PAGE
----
As time marched on, I eventually realized what many self-proclaimed "nice guys" tend to ignore: that there are basic rules of the game that must be played, and that being virtuous doesn't enable one to abandon the subtleties of romance and attraction. My first and most important conclusion was that before I could share my life with another person, I must have a life I feel is worth sharing. How can you love another if you do not even love yourself? How can you honestly believe that another loves you, when you cannot do so yourself? So I went about the business of learning to love myself, as well as making myself into the person I wanted to be, a self that I could love. It's where my writing started, my running, my tattoo, my clothes. Much of that came simply with maturity and time, but I believe strongly that who I am is quite purposeful. Perhaps that's just arrogance - and I would certainly be a fool to claim I am anywhere near self-made - but I do know that I set out to better myself, that I had a desire, and that desire was met.

So now as I look upon the death of my first, true relationship, I find myself asking myriad questions, while the chilling tendrils of that old loneliness takes its grip upon me once more. I've thought back to my childhood, and I wonder if God gave me what I asked for, and simply took it away, or if this were his way of reigning me in, as if to tell me "You can have a taste of what you seek, but you won't have it until you kneel!", or as a third possibility, "I will not grant you what you seek and you will live your life unfulfilled, but for your impatience your punishment will be to know how unfulfilled you truly are".

It is ironic, to me, that I would consider God in any part of this equation, after I claim such control of myself. But the end of all this has brought me to the simple realization that I truly have no control over anything. I could try to claim that I brought her into my life, that it was my confidence and strength that brought it all to pass - and I think, for a time, I believed that - but correlation is not causation. When all is said and done, I did not decide her choices. I can only be grateful for what came to pass, and do my best to be deserving of what I receive. I celebrate the fact that I am not haunted by regret and that I can walk away with a handful of wisdom - but I find the path before me to be more daunting than I'd ever imagined. My fortune feels very far removed from my control, and waiting to see what these next months will hold for me is not an exciting prospect. I'm in a lonely place, with little to do but work and study, and not enough money to pursue the many hobbies I once had.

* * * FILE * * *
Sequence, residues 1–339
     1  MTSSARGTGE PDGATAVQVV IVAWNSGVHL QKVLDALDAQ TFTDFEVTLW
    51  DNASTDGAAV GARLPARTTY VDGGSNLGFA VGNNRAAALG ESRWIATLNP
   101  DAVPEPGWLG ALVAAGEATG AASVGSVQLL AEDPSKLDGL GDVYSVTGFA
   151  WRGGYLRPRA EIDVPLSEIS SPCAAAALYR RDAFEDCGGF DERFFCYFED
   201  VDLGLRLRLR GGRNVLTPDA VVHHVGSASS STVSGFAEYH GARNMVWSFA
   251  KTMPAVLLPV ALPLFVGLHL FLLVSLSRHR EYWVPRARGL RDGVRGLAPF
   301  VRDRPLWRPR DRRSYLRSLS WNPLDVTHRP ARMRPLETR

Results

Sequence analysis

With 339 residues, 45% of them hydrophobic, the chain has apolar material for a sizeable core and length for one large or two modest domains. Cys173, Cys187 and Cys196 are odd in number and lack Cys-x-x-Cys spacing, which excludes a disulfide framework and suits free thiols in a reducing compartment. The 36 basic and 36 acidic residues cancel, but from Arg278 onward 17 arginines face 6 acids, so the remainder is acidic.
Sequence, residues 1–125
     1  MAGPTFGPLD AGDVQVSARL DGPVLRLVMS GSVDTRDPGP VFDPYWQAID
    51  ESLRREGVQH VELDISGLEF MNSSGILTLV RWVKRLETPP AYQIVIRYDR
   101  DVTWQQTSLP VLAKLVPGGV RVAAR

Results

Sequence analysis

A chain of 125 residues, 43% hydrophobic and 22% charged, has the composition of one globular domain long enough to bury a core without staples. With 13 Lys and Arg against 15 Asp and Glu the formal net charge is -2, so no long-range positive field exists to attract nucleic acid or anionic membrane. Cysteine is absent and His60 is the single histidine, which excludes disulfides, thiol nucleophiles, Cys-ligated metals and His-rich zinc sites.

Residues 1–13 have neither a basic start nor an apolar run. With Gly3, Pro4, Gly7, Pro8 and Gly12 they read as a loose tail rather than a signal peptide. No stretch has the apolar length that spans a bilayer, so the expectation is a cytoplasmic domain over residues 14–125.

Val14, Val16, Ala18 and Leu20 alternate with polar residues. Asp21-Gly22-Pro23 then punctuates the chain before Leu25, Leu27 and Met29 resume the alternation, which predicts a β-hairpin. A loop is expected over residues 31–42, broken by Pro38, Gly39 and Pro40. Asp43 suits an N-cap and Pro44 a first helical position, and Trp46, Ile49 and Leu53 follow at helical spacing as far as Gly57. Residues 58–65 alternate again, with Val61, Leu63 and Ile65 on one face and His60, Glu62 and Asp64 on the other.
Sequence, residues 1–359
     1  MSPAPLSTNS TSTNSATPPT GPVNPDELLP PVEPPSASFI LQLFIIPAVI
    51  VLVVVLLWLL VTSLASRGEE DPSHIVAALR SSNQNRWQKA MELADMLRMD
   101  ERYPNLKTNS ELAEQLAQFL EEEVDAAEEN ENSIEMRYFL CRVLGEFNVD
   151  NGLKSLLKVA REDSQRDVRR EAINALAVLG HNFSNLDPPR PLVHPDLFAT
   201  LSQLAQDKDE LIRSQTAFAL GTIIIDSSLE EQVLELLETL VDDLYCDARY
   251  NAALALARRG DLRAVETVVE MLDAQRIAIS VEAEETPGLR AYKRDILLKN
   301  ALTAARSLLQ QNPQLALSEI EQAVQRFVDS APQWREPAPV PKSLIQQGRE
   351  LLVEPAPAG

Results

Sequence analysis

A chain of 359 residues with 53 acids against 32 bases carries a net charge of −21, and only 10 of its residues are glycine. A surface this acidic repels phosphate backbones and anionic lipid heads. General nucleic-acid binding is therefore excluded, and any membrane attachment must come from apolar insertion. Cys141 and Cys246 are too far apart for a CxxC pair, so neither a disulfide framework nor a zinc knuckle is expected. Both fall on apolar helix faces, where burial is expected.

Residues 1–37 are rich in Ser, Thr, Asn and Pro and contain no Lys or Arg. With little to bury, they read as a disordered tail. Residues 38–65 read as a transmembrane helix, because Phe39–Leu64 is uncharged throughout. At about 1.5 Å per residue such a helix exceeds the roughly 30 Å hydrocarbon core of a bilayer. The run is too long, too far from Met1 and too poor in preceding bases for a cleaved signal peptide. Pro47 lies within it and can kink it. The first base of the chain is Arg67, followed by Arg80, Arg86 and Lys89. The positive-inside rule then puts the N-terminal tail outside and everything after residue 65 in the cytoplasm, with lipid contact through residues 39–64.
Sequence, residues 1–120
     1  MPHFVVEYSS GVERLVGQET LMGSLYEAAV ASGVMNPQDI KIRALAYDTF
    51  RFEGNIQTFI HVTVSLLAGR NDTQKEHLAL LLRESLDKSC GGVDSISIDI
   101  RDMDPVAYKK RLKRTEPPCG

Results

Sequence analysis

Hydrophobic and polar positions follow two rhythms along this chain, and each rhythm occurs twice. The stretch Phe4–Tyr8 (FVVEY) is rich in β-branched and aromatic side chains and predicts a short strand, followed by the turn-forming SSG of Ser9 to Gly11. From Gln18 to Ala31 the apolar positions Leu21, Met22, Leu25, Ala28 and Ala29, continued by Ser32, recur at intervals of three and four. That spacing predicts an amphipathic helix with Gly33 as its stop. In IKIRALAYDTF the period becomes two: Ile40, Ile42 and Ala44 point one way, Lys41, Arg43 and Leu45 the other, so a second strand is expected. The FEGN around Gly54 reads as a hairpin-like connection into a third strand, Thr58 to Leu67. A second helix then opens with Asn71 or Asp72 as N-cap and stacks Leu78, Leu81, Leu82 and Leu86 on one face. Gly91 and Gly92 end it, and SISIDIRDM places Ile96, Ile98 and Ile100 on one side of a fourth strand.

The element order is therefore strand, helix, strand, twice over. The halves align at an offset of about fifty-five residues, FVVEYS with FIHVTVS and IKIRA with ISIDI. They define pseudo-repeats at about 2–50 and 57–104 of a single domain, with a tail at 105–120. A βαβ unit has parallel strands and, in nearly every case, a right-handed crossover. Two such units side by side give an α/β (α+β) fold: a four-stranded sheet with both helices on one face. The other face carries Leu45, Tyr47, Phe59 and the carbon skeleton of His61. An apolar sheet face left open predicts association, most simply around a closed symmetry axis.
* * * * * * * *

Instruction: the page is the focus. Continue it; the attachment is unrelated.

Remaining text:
God continues to shower me in silence despite my simultaneous fury and terror, but as hard as I try, I cannot evict my pondering over his intentions and desires. Though I no longer believe Yahweh is this same as this silent God that seems to taunt me, my desire to do his will truly has not lessened, and I'm curious to see what opportunities he presents to me in the dull days ahead.